The reemergence of issues surrounding copyright and the Australian Aboriginal Flag…

As discussed earlier on, flags have been at the centre of some IP news recently. One such instance is the copyright issues surrounding the Australian Aboriginal Flag, as Riana Harvey (University of Southampton) explains.

Here's what Riana writes:

The reemergence of issues surrounding copyright and the Australian Aboriginal Flag…

The topic of flags and copyright has resurfaced once more in Australia with regards to the Aboriginal flag. This was brought to light in the media recently when it emerged that cease-and-desist notices had been sent by non-Aboriginal company ‘WAM Clothing’ to several other companies for use of the Aboriginal flag on their clothing. Companies notified included the Australian Football League, which uses the flag on football jerseys in its Indigenous rounds, as well as ‘Spark Health’, an Aboriginal-owned and run social enterprise company which produces shirts bearing the flag. 

So, what makes this case so unique? It all revolves around the fact that copyright of the Aboriginal Flag is not controlled by the Australian government - the Aboriginal flag copyright is, instead, privately owned.

A brief history of the Aboriginal flag

The Aboriginal flag is divided into 2 sections, an upper black half and a lower red half, with a yellow circle in the centre of the flag. Designed by Luritja artist Harold Thomas, it is believed to have made its first appearance in a National Aborigines’ Day rally in Adelaide in 1971. It was officially declared an Australian National flag under s5 of the Flags Act 1953 by the Australian government in 1995.

Consequently, many artists came forward to claim copyright ownership in the flag. In Thomas v Brown and Tennant [1997] FCA 215, the Federal Court of Australia ultimately found that Mr Thomas was the author of the Artistic Work, and thus the owner of the bundle of rights subsisting in it. This grants Mr Thomas the ability to decide which organisations may reproduce the image, through the issuing of licences. 

In October 2018, Mr Thomas granted a licence to WAM Clothing, giving them exclusive worldwide rights to reproduce the flag on clothing, hence resulting in the company issuing cease-and-desist notices to various companies using the logo on clothing.

The Aboriginal flag is the one on the left
This does present a very different scenario to that faced by other worldwide flags. For older flags,  any term of copyright protection would have already expired, automatically placing the flag in the public domain. Alternatively, copyright of a national flag may be held by the government, which may have commissioned or created the flag. This is apparent in the U.S, where it is set out under 17 U.S.C. § 105 that works of the United States government may not receive copyright protection, therefore also placing it in the public domain.

However, as a copyright owned by a private individual, the Aboriginal flag is subject to the Australian standard duration of copyright protection - the period of Mr Thomas’s life plus 70 years - and will not otherwise enter the public domain until this period is over.


In an ‘ordinary’ copyright dispute, the results would be, in short, indisputable. Mr Thomas’s ownership of the copyright-protected Work allows him to grant licences in whichever way he pleases. However, as a recognised National flag of Australia, it could be argued that it goes beyond a simple copyright issue, extending to one of public policy.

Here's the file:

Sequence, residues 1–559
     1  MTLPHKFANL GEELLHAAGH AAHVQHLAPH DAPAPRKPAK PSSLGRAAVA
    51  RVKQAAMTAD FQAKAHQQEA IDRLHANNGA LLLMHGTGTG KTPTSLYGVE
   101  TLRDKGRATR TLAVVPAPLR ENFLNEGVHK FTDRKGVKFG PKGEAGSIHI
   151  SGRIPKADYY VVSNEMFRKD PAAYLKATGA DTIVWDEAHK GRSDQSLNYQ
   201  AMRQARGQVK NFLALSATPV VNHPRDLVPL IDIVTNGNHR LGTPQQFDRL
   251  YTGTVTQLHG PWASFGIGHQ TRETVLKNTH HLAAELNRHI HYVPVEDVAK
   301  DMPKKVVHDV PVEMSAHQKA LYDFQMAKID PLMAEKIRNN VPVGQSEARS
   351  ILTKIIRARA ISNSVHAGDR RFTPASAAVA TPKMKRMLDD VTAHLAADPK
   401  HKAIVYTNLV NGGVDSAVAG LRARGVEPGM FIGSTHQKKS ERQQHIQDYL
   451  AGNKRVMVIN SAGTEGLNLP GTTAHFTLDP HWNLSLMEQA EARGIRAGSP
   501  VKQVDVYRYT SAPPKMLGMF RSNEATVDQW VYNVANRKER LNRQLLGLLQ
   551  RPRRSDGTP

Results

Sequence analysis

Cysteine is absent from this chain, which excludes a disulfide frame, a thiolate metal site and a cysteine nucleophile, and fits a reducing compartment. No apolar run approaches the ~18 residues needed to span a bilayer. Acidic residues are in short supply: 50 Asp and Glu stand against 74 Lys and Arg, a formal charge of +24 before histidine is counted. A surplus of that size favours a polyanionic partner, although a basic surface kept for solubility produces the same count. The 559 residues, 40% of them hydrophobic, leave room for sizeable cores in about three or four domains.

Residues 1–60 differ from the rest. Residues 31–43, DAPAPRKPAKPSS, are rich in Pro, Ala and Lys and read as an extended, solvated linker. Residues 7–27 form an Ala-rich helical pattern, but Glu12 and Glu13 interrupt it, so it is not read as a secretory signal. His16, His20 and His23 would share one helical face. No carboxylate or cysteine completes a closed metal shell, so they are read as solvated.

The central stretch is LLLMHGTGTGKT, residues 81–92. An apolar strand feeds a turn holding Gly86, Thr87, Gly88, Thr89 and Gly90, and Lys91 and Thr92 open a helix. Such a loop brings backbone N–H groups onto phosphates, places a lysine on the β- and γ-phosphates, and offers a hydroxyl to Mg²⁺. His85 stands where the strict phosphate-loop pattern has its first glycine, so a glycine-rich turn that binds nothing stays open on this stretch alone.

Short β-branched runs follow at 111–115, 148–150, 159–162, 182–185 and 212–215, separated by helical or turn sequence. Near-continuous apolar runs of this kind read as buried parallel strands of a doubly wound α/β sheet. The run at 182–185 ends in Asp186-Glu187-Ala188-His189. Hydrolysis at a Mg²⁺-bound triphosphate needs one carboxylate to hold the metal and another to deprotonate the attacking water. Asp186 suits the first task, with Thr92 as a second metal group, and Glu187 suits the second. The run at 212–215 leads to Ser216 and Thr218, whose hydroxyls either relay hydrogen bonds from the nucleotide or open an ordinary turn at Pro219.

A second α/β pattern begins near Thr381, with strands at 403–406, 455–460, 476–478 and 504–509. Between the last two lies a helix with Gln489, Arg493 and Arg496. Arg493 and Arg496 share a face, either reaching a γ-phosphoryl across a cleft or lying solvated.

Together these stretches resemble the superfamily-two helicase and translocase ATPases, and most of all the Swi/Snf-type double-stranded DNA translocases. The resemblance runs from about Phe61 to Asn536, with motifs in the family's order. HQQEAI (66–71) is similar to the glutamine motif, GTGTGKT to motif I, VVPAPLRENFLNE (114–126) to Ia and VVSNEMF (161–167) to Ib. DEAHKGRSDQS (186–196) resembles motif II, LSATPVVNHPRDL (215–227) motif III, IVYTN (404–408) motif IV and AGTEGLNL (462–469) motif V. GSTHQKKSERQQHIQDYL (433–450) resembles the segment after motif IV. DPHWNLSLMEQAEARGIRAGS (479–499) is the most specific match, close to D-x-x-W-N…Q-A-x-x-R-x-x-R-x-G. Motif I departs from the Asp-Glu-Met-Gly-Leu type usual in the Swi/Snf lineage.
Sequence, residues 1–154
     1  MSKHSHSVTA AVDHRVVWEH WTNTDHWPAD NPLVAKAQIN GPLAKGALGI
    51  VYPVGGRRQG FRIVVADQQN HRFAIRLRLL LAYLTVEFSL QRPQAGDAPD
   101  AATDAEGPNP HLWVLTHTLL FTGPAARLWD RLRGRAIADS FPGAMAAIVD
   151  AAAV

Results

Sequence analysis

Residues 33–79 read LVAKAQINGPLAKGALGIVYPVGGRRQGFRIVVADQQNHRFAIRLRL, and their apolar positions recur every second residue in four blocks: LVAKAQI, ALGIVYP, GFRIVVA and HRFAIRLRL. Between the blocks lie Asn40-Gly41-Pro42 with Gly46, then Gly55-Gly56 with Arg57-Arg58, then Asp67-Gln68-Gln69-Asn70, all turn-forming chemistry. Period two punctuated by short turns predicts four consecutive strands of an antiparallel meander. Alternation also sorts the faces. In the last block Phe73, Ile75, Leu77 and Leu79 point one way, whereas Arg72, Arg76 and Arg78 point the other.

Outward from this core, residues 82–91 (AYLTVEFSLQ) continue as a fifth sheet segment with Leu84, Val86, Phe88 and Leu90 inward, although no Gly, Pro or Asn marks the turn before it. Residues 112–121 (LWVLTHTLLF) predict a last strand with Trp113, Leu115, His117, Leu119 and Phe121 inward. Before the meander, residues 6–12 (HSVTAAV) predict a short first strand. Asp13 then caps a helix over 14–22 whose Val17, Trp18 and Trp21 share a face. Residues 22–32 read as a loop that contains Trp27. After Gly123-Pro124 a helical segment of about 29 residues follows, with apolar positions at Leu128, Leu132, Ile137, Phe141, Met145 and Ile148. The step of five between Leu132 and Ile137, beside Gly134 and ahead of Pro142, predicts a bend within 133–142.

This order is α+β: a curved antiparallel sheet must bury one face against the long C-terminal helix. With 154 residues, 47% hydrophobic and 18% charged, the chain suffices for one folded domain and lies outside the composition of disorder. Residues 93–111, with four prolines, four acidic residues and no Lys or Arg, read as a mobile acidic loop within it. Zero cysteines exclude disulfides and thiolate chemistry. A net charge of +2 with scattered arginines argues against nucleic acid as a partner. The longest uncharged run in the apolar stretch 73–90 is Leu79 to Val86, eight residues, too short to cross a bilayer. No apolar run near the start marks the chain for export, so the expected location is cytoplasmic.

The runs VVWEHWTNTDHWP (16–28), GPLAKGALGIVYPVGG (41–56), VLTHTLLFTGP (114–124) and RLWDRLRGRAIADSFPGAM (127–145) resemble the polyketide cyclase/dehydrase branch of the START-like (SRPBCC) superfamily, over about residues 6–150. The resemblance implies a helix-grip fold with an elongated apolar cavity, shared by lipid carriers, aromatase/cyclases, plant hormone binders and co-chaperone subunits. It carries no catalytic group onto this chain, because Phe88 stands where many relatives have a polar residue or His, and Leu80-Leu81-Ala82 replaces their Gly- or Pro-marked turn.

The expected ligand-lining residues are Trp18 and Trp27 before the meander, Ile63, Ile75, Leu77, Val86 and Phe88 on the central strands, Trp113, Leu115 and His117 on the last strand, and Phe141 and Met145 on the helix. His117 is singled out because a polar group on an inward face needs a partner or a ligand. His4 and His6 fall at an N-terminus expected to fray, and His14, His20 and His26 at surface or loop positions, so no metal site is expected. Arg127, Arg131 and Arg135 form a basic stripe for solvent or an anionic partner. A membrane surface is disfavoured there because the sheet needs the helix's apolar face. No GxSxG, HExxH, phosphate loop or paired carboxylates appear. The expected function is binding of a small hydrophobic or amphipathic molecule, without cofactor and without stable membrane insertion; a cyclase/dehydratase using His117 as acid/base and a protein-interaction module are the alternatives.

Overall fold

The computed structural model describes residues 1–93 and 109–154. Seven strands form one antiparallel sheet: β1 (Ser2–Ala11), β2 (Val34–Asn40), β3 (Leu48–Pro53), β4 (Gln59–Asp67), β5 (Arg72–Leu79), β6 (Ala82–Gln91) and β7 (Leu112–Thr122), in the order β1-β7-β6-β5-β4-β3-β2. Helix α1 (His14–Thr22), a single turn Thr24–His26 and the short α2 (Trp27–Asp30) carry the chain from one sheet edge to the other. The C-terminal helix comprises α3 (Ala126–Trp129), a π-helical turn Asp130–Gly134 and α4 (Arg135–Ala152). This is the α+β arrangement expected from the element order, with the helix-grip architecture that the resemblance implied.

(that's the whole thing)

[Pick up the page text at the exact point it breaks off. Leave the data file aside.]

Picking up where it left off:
Fiona Phillips, former Chief Executive Office of the Australian Copyright Council (who has written for IPKat in the past on other Australian copyright issues - see here) suggested that a possible solution would be for the Australian government to purchase all rights to license the flag from Mr Thomas, due to the flag’s significance as a national symbol and importance to Indigenous Australians (to listen to a radio interview by Ms Phillips on the issue, click here). However, this possibility was ruled out by Indigenous Affairs minister Ken Wyatt, who said that by entering into the agreement with WAM Clothing, Mr Thomas had not signed away all rights to the flag. Mr Wyatt stated that Mr Thomas was concerned with protecting the integrity of the flag, and the copyright told the story of Mr Thomas as an artist and an indigenous person. 


This case does present a very unique quandary. On the one hand, if owned by the government, it would allow everyone to use the flag. However, this might result in the flag being exploited for commercial gain if affixed to products not made by Aborigine businesses. On the other hand, if privately owned, the integrity of the flag may be controlled. This, however, would allow an individual to profit from licensing the flag, which is a national emblem of the country. 

The question of the copyright ownership of the Aboriginal flag has arisen in earlier instances, such as in 2011 when use of the Aboriginal flag by Google was prohibited. However, given the high amount of political involvement in the matter currently, a solution may be found in the near future - it will just be a matter of when and how…
The reemergence of issues surrounding copyright and the Australian Aboriginal Flag… The reemergence of issues surrounding copyright and the Australian Aboriginal Flag… Reviewed by Eleonora Rosati on Saturday, June 29, 2019 Rating: 5

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